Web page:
Central Peninsula Hospital Pharmacy Technician Jessica Hulet rolls a cart carrying doses of Pfizer’s COVID-19 vaccine into Central Peninsula Hospital on Wednesday, Dec. 16, 2020, in Soldotna, Alaska. (Ashlyn O’Hara/Peninsula Clarion)

Central Peninsula Hospital Pharmacy Technician Jessica Hulet rolls a cart carrying doses of Pfizer’s COVID-19 vaccine into Central Peninsula Hospital on Wednesday, Dec. 16, 2020, in Soldotna, Alaska. (Ashlyn O’Hara/Peninsula Clarion)

Central Peninsula Hospital ‘concerned’ about COVID variants

“We’re not through this.”

As COVID-19 cases tick upward around Alaska, concern among local health care facilities is growing about the more transmissible COVID-19 variants, several of which have been detected in Alaska.

Following a statewide plateau in the number of people testing positive for COVID-19, the number of new cases is growing on the peninsula and statewide. The borough’s average daily case rate for the past 14-days recently passed 10 per 100,000 population, pushing the region from “intermediate” to “high” risk level. Alaska as a whole continues to be considered high risk.

At Central Peninsula Hospital in Soldotna, which responded to a regional surge in inpatients who were COVID-positive last year, External Affairs Director Bruce Richards said that while they are keeping their eye on variants, the number of new cases being reported is also alarming.

“There should always be a concern with rising cases,” Richards said.

Richards said they are especially concerned about the P.1 variant, which was first detected in travelers from Brazil and has been detected in Alaska. Brazil has been hit especially hard by the COVID-19 pandemic, with a reported death count of more than 335,000 that is second worldwide to the United States.

According to the Alaska Sequencing Consortium’s April 6 report, 75 variants of concern have been detected statewide. That includes seven cases of the B.1.1.7 variant first detected in the United Kingdom, 61 cases of the B.1.429 variant, which was first detected in California and six cases of the P.1 variant, among others.

The U.S. Centers for Disease Control and Prevention said Wednesday, for example, that the B.1.1.7 COVID variant, which was first detected in the United Kingdom, is now the most common strain of COVID-19 in the United States.

Hospitals statewide faced uncertainty following the lapse of Alaska’s statewide disaster declaration, which had allowed them to operate overflow and surge spaces if they became overrun. CPH moved into surge space at the end of last year due to an influx of COVID-positive inpatients.

Richards said Wednesday that the hospital was able to clarify with the Centers for Medicare and Medicaid Services about what that means for their operations. Richards said that CMS advised hospitals to use surge space if they need to.

“You just do what you have to do to take care of people,” Richards said. “What else are you supposed to do?”

Richards said CPH is feeling the surge in cases. Richards said Wednesday that there were more hospital employees who were COVID-positive than there had been in weeks and that new cases at Heritage Place Skilled Nursing Facility caused the closure of visitation, again.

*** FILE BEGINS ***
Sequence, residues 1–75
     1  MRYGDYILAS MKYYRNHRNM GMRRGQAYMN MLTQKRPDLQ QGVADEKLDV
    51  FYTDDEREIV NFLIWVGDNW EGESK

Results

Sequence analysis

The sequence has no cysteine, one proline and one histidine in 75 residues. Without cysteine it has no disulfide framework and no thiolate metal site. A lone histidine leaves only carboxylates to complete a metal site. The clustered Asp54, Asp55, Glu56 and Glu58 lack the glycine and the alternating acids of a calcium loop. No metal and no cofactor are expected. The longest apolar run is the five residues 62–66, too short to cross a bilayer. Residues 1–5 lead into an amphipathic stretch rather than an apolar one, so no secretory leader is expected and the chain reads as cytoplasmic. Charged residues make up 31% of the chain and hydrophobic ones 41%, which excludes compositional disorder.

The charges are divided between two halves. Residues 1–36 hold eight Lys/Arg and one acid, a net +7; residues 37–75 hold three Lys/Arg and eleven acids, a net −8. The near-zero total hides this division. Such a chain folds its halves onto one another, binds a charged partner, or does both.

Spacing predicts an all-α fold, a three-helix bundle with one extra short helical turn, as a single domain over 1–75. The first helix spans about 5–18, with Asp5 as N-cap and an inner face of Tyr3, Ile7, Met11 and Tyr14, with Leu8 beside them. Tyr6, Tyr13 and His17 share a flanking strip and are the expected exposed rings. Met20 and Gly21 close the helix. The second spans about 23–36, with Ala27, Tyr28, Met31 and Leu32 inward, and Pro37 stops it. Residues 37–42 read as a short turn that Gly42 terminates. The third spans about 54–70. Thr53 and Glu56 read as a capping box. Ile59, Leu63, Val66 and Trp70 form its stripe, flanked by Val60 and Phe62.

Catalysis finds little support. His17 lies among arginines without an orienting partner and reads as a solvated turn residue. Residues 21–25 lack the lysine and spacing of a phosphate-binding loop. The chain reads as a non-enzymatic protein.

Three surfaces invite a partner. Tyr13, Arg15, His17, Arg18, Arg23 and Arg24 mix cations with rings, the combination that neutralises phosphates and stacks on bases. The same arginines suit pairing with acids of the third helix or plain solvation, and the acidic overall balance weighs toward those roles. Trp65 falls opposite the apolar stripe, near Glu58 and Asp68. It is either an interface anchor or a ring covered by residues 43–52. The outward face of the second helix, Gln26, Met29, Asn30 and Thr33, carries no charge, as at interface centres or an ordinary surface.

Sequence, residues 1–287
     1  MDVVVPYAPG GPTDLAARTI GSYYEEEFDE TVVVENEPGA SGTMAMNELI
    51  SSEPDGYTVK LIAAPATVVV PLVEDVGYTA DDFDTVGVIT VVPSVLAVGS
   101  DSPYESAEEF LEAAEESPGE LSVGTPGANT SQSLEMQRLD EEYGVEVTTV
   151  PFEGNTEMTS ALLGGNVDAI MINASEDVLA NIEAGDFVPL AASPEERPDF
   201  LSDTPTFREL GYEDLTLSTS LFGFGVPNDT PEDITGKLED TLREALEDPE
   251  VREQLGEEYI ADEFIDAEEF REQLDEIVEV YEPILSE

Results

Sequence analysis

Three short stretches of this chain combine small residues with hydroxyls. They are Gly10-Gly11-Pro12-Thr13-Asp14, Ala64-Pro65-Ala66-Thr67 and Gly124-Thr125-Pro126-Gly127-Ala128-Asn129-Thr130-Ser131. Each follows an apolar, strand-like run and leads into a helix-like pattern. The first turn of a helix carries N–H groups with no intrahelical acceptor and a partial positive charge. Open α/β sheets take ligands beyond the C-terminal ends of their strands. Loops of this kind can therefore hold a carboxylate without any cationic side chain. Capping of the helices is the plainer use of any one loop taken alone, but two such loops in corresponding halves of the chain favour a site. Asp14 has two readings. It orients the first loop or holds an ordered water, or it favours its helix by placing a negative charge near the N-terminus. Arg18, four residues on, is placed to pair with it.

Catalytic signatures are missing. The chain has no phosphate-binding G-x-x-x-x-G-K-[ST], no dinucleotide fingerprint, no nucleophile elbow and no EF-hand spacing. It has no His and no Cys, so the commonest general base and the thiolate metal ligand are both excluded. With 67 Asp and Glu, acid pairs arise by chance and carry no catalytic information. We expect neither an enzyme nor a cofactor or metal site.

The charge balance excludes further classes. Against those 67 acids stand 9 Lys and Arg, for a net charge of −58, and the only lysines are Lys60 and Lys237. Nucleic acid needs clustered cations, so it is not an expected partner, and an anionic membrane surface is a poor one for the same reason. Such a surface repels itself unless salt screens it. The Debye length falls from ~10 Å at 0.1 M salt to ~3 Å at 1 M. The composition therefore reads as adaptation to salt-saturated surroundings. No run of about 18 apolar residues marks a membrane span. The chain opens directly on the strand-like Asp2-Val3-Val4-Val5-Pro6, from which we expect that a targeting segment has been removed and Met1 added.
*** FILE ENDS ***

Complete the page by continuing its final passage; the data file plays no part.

New guidance from the CDC last month saw Heritage Place open to visits with more relaxed protocols for the first time in months. Specifically, that guidance allowed residents of long-term care facilities to hug their loved ones, if fully vaccinated.

New cases at Heritage Place have closed the facility back down to visitors, Richards said Wednesday.

One of the solutions, Richards said, is for more people to be vaccinated. The Kenai Peninsula Borough Office of Emergency Management has worked with multiple agencies across the peninsula to help roll out the COVID-19 vaccines, which are free and available to anyone living and working in Alaska.

As of Wednesday, more than 42% of Alaskans eligible to be vaccinated — those 16 and older — had received at least one dose of the COVID-19 vaccine. That is compared to about 36% of Kenai Peninsula Borough residents 16 and older. A survey of state vaccination data as of April 2 found that, when compared to Alaska geographies of like population sizes, the Kenai Peninsula Borough generally ranks higher than Matanuska-Susitna Borough and Fairbanks North Star Borough and lower than Anchorage in the number of people vaccinated across different age groups.

COVID-19 vaccination appointments can be made through the state’s scheduling hub at myhealth.alaska.gov.

State and local health officials continue to encourage all Alaskans to follow mitigation protocols known to slow the spread of COVID-19. Those include frequent hand-washing, wearing a face covering in public places and keeping distance between people from different households.

In the meantime, Richards said CPH is also planning for a potential increase in cases following Easter Sunday, which saw congregate gatherings in church settings across the country.

“We’re not through this,” Richards said.

Reach reporter Ashlyn O’Hara at ashlyn.ohara@peninsulaclarion.com.

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